Horror Bites Challenge #2 - Reading At The Library

Just a reminder: It's okay to leave comments!

From the Horror Bites website:

So I hope you had fun with the last challenge and are raring to go with this next one. I realise that some of you will be taking part in NaNoWriMo this month but maybe you need a break. Or maybe this image will help inspire your opening sequence. 

At any rate here is the  next challenge,  picture kindly provided by a lovely friend who is in Aberdeen. It is a rather great picture of the Sir Duncan Rice Library, where she seems to spend most of her time as she is currently studying to be a teacher.

Slightly different rules this week just to keep you on your toes.
  1. Post your horror short or a link to your website in the comments.
  2. I’ll give you a bit more leeway this week – 250-350 words.
  3. For this tale I’d like you to include a reference to a book or to reading.
  4. Due to me taking part in Nano I’m going to keep this one open for two weeks – 10th Nov is close date.

And so, here is my entry for this round of Horror Bites...

A Little Reading At The Library

Image of Sir Duncan Rice Library - http://getwordy.com/wp-content/uploads/2016/10/Sir-Duncan-Rice-Library-300x300.jpg

    "Push me a bit closer, will you, Brad?"
    "Certainly, Mr. Pavouk. You should be very proud of this new library. Your design is striking. It's an inspiration to so many that you haven't allowed your handicap to stop you from doing great things." Pavouk smiled as the wheelchair bumped along the sidewalk. "I'm sure the people of this city will enjoy their time here, reading books and doing research. Where did you come up with the idea for the exterior?"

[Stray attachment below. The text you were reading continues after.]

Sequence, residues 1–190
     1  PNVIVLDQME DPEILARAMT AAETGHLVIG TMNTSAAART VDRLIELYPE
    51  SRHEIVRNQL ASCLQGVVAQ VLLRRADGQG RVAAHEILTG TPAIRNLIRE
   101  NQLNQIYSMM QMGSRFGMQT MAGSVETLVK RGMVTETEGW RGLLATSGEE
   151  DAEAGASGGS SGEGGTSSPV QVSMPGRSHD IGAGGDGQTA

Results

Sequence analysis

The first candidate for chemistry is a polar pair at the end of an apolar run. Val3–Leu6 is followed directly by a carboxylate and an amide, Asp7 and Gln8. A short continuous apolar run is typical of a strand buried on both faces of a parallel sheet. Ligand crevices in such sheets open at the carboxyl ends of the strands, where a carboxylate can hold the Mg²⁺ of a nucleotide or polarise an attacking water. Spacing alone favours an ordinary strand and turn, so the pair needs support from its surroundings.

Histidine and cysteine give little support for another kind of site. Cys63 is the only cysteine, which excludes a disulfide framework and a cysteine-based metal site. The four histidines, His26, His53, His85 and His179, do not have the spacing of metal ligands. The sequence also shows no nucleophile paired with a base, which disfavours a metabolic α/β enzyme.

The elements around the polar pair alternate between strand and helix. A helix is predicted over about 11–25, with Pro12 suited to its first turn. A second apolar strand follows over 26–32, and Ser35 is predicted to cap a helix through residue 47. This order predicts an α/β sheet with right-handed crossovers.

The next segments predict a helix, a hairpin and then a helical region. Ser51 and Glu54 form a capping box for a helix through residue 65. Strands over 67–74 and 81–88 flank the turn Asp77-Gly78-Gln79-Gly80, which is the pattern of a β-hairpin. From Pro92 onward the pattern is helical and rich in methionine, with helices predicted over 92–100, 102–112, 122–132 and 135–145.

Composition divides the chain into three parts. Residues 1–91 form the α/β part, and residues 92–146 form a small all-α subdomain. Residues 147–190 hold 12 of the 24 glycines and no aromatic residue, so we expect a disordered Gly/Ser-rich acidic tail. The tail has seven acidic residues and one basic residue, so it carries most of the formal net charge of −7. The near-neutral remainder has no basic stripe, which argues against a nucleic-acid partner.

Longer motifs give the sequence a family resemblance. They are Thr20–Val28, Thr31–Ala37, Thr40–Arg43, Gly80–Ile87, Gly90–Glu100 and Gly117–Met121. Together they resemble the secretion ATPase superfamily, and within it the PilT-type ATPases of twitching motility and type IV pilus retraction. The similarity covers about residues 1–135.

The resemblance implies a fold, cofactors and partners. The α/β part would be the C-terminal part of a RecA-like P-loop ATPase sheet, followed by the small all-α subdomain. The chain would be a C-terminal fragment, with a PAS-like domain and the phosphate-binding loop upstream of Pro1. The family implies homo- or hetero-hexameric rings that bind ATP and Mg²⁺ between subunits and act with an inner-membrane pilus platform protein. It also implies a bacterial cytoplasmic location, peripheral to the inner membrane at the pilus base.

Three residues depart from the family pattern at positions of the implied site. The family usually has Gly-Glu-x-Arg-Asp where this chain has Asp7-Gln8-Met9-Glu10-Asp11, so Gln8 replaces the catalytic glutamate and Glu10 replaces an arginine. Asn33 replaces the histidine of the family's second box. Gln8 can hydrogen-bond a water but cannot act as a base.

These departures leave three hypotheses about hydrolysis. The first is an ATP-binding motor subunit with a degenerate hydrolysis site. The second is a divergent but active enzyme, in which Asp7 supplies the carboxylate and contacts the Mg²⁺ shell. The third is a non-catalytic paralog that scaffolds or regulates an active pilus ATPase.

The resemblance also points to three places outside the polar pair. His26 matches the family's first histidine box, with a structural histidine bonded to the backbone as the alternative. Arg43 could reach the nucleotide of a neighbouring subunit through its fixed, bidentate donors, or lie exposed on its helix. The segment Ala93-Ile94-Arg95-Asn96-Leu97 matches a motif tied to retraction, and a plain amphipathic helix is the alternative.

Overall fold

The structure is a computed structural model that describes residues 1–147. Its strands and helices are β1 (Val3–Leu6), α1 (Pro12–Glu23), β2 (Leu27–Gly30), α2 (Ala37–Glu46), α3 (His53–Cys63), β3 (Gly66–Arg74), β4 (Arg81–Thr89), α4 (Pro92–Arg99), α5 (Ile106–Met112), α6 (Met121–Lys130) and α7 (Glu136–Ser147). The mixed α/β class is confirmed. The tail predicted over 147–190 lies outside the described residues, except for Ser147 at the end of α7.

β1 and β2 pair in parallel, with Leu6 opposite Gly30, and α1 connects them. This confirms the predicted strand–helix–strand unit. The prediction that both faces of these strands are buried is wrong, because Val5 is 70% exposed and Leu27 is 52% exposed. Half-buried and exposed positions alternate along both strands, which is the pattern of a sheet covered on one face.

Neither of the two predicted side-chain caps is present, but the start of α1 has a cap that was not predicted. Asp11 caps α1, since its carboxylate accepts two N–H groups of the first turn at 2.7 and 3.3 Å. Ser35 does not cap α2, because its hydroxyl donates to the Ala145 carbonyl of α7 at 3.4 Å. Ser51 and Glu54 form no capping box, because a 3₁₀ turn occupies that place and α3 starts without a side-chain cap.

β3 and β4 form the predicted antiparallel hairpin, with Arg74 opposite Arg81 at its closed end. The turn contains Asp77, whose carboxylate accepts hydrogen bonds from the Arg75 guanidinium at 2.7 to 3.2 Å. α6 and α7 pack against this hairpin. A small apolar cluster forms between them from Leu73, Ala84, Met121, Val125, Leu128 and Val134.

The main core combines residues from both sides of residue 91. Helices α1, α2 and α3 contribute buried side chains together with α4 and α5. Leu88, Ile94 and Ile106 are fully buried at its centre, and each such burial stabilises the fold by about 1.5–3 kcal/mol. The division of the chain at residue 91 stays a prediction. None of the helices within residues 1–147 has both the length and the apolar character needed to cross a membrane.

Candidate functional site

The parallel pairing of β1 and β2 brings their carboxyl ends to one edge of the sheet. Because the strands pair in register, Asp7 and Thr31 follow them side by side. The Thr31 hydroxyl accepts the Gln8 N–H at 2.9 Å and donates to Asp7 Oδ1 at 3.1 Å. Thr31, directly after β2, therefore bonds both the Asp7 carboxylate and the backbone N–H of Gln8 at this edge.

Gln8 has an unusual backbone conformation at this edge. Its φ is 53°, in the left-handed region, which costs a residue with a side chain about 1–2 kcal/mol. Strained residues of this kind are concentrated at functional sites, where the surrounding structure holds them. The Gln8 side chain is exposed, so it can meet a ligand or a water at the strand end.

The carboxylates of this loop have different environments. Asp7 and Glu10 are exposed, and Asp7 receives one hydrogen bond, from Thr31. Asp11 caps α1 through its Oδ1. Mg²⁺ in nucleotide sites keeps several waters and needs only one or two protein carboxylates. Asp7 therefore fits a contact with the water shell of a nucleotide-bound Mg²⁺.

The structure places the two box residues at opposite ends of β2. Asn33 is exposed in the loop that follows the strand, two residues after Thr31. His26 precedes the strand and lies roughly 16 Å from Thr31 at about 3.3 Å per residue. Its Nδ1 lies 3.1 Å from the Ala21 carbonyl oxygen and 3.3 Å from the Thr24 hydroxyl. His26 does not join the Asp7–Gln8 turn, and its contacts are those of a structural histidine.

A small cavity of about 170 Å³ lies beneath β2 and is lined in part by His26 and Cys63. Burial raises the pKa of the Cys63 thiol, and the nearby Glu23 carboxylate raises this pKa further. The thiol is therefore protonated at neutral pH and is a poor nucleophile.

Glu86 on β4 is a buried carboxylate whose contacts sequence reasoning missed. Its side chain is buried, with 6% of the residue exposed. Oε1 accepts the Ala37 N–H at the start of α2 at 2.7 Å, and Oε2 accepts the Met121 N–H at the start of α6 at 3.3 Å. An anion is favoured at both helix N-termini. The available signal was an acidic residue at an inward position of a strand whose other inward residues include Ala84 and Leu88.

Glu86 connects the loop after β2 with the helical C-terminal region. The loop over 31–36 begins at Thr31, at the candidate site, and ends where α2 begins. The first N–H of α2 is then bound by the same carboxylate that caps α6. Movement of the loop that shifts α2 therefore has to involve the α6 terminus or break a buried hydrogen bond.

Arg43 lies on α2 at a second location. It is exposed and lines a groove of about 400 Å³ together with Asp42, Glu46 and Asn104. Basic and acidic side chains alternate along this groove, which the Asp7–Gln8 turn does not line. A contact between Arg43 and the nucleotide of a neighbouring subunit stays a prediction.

"It's rather complicated, and yet quite simple in purpose, Brad. Think of the entire library as the biggest eBook of all."
    "The building is a book?
    "In its own way. It provides information. The design is made of thin metal, which is a conductor, of course. This, along with connected structures within the building, forms the circuit of an immense passive transmitter. If a radio signal of suitable frequency, even a very faint one, should strike it, the circuit responds with another signal on a slightly different frequency."
    "The building transmits a signal? That's incredible! But what purpose does that serve?"
    "It's a beacon, of course, for the others to follow. The signal can be read from quit far away."
    "A signal? To whom?"
    "To beings like me," Pavouk replied. He pulled off a glove to reveal a thin, leathery hand. The claws at the end of his fingers dug into Brad's leg whose uncontrollable spasms indicated the poison was flowing into his body. He released his grip when the twitching slowed.
    Pavouk removed the blanket from his lap. Four spindly legs stretched out from their confines. "Handicap, indeed! The only handicap I have is the irritatingly strong gravity of this silly planet. As the inhabitants often say about such things, it's a bitch." Pavouk pulled a small box from his pocket. The three lights on it flashed in sequence. "It shouldn't be long now." He looked to the sky as Brad's body fell to the sidewalk. "Not long at all."

 331 words without the title... 

Previous Horror Bites: 
    Unfashionably Late

© 2016 K. R. Smith All rights reserved